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Arabs Attack Girl Near Efrat

Thursday, May 23rd, 2013

Arab stone throwing and other violent disturbances near Efrat continues.

Following in the footsteps of the pipe bomb found near the northern entrance last week, a girl was hurt Thursday when rocks were thrown at a car she was riding in. A number of cars were hit and damaged near Efrat’s northern entrance.

Last week an Israeli car was totaled on the road to Beitar after Arabs poured oil on the road, and the car spun out of control.

On Friday, Efrat, Beitar, Kiryat Arba-Hebron, and other Gush Etzion residents on planning a massive vigil on the roads, at 10:30 AM to protest the lack of security.

 

Rock Throwing Vigil

Arab on Arab Rock Violence, and Stone Throwers Caught

Thursday, May 2nd, 2013

Two female Arab motorists were hurt by Arab rock throwers on Road 60, near the tunnels in Gush Etzion, at around 9PM Wednesday night.

Over the past few days, Arabs have been throwing rocks and paint at Israeli cars driving down Highway 60, near Efrat, trying to cause an accident.

Last night, Arab stone throwers from El Hadr attacked a car they thought was Israeli, but was actually an Arab car with two women and 6 children in it.

The two Arab women were hurt by the Arab stone throwers, one seriously. They managed to drive to to the tunnel checkpoint where they received medical attention.

Last night, Israel security forces also captured a group of 5 Arabs who were attacking passing Jewish motorists on Highway 60 with stones. They were the unbelievable ages of 9 through 12. They got started young.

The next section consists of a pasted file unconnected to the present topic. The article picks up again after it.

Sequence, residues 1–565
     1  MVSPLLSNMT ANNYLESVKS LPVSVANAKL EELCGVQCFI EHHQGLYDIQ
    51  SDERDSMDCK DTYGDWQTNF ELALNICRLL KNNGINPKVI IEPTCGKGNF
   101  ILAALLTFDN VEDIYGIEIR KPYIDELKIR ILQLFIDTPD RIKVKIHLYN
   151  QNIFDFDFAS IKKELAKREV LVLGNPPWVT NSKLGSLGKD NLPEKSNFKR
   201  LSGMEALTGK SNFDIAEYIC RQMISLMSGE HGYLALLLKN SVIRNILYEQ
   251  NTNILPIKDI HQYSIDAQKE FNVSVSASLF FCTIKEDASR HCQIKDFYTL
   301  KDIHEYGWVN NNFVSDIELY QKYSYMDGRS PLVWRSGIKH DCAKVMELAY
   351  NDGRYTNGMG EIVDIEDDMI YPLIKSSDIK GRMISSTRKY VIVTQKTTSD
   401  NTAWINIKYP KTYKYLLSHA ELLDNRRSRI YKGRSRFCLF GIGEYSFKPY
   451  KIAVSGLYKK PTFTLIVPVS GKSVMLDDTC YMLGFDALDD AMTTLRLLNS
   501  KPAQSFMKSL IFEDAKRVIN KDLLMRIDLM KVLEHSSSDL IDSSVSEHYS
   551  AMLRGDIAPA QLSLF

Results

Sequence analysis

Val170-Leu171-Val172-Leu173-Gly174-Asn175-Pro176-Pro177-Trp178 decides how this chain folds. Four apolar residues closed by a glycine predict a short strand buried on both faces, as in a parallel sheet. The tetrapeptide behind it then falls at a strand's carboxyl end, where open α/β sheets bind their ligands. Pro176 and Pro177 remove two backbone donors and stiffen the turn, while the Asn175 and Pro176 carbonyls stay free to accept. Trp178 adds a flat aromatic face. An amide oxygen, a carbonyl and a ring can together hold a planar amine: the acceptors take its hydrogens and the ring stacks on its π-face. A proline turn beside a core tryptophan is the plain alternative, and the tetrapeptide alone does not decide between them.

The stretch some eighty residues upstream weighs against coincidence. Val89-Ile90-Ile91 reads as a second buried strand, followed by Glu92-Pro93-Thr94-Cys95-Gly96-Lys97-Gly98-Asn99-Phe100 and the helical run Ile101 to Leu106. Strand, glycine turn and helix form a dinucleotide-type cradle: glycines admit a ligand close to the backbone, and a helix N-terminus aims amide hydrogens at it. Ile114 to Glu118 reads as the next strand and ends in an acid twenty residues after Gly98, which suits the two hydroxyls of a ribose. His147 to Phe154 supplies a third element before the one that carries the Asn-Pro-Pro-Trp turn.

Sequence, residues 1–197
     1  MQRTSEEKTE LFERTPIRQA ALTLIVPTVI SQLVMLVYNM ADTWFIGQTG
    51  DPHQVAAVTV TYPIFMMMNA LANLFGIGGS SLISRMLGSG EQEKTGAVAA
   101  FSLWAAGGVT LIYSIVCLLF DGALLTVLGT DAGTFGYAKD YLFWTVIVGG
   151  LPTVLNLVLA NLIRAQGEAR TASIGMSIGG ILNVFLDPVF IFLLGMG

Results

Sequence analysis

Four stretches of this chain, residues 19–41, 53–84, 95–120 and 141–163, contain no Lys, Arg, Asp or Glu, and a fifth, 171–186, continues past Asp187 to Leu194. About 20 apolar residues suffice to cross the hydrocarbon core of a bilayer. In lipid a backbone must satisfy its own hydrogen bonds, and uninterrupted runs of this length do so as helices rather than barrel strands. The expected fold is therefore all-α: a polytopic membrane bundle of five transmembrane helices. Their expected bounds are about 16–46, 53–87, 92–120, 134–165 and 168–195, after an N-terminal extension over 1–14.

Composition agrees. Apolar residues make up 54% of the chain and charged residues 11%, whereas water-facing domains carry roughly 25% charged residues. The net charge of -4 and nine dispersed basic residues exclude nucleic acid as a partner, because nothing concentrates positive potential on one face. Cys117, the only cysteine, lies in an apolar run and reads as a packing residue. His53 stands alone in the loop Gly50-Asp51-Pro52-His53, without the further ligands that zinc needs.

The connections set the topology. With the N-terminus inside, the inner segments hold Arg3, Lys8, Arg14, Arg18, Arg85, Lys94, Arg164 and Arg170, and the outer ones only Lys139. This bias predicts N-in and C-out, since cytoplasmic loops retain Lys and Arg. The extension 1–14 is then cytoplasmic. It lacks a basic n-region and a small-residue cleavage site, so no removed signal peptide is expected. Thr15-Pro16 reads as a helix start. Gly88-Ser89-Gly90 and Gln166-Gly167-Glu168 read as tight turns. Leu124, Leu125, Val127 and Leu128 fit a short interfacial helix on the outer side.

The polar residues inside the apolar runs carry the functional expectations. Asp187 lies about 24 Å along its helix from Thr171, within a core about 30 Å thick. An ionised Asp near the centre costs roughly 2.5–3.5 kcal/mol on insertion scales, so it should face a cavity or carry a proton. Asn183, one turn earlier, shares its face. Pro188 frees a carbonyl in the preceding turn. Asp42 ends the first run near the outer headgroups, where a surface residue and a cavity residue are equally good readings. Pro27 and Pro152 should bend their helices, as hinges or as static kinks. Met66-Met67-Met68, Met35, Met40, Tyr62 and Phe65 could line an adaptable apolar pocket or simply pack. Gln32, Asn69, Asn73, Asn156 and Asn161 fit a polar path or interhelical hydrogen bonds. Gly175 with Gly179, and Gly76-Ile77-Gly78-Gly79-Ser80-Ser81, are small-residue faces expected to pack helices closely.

PA Hunger Striker to be Freed in March, but Protests Continue

Thursday, February 21st, 2013

A Palestinian Authority prisoner on a long-term hunger strike in an Israeli jail will be released in March, but violent protests continued Thursday near the Ofer Prison, on the outskirts of Jerusalem.

Samer Issawi was sentenced to eight months in prison for violating the terms of his release under the Gilad Shalit prisoner swap, and he will be eligible for release March 6.

He has become a cause célèbre for Palestinian Authority Arabs, 1,000 of whom rioted on Thursday near Ofer prison where he is being held. They injured two journalists with rocks, and security forces fired tear gas and rubber-coated bullets, wounding about 29 people.

Issawi has been on a hunger strike for more than 200 days and is reportedly to be near death, although Israeli officials are doing everything possible to keep him alive. His death would turn him into a “martyr” and would set off a wildly violent reaction.

Haredim Throw Rocks, Eggs, at ‘Abomination Apartment’

Sunday, November 11th, 2012

Over the past few days, Haredi residents of the Shmuel Hanavi neighborhood in Jerusalem have been running an intense campaign against one of their neighbors, reportedly a mother of 11, who is living alone, and conducting a life style which the residents find objectionable.

Pashkvils (warning posters) were spread around the neighborhood, criticizing women wearing tight clothes, calling them “animals.” According to the website Hadrei Haredim, the woman in question is being accused of luring young Haredi women to her path.